The labor movement was large and politically active in the 1980s, although it suffered a loss of influence after 1977. Urban strikes began in the 1890s and increased in number after World War I. The first major labor organization, the Ceylon Labour Union, was formed in 1922. In the 1930s, the legislature passed a series of laws, including the Trade Union Ordinance of 1935, to regulate the unions. This law made it mandatory for trade unions to register with the government and to keep political and labor funds separate. After World War II, the unions represented a large proportion of the labor force, especially in Colombo and on the large plantations. The leadership of nearly all trade unions has come from the English-educated elite.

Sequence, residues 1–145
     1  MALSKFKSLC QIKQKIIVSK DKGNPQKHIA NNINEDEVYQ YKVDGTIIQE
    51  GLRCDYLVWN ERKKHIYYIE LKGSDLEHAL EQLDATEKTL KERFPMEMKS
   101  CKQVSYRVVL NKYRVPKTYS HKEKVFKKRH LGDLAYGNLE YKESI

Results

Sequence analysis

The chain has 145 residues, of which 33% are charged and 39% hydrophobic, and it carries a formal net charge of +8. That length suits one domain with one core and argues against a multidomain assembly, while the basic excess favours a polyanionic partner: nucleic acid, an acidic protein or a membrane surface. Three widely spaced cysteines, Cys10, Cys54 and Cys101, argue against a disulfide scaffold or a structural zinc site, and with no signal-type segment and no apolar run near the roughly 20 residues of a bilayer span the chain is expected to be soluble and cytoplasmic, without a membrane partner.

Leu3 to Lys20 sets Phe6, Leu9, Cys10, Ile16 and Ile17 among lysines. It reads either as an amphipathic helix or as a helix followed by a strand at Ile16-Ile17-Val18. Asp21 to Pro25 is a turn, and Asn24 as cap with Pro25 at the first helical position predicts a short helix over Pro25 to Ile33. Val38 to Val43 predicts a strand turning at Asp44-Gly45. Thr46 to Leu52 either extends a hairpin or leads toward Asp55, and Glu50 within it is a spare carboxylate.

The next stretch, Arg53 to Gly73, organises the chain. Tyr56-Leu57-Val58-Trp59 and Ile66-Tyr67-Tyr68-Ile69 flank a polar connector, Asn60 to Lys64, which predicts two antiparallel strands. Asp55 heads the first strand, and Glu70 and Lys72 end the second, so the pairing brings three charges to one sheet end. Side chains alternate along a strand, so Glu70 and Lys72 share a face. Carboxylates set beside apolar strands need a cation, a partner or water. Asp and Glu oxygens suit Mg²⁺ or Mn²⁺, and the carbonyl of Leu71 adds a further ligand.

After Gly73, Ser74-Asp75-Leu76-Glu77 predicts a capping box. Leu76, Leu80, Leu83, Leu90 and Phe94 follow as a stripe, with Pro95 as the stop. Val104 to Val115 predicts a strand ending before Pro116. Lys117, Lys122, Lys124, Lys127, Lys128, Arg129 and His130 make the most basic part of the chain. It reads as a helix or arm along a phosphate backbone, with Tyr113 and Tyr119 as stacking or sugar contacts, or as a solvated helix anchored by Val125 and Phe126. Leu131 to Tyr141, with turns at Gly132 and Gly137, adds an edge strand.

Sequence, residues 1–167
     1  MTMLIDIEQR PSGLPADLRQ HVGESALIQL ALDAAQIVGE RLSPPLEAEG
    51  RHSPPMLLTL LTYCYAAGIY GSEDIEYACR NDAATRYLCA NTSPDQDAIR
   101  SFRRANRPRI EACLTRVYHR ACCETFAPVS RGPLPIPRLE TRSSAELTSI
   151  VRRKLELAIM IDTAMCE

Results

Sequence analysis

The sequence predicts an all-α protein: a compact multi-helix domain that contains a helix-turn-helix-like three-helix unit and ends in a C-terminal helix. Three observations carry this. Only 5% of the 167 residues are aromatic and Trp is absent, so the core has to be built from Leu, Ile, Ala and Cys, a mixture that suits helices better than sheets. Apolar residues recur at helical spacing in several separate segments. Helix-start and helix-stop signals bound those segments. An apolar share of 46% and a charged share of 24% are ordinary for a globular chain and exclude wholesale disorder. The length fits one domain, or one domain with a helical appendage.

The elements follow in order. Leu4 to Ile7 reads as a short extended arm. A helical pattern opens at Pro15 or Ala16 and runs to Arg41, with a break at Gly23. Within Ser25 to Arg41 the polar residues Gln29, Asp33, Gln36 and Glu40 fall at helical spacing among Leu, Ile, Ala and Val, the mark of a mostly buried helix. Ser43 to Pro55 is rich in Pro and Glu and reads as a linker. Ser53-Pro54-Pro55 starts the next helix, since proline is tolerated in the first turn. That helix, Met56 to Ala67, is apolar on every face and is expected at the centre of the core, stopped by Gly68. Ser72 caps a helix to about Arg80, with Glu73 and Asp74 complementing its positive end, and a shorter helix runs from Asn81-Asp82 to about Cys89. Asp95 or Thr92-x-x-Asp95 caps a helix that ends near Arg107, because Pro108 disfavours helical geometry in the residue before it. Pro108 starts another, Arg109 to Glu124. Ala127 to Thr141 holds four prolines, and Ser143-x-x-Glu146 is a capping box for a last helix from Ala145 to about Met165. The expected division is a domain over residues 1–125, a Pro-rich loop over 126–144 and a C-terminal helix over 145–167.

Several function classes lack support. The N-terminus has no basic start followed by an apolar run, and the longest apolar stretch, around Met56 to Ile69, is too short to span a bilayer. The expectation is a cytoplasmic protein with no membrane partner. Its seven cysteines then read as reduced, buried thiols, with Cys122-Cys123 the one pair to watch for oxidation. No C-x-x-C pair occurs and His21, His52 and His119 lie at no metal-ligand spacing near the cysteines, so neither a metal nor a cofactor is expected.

Union membership in 1988 was subject to fluctuations because of competition among unions affiliated with different political parties and because of personal rivalries among union leaders, as well as a fairly rapid turnover of unions. The unions have traditionally been strong in the state sector, especially rail and road transport, the ports, and the government clerical service. In 1983 observers estimated that about 1.8 million workers, or just under one-third of the gainfully employed labor force, were union members. Membership was fragmented into over 1,000 unions. Many of the unorganized workers were small farmers and rural laborers.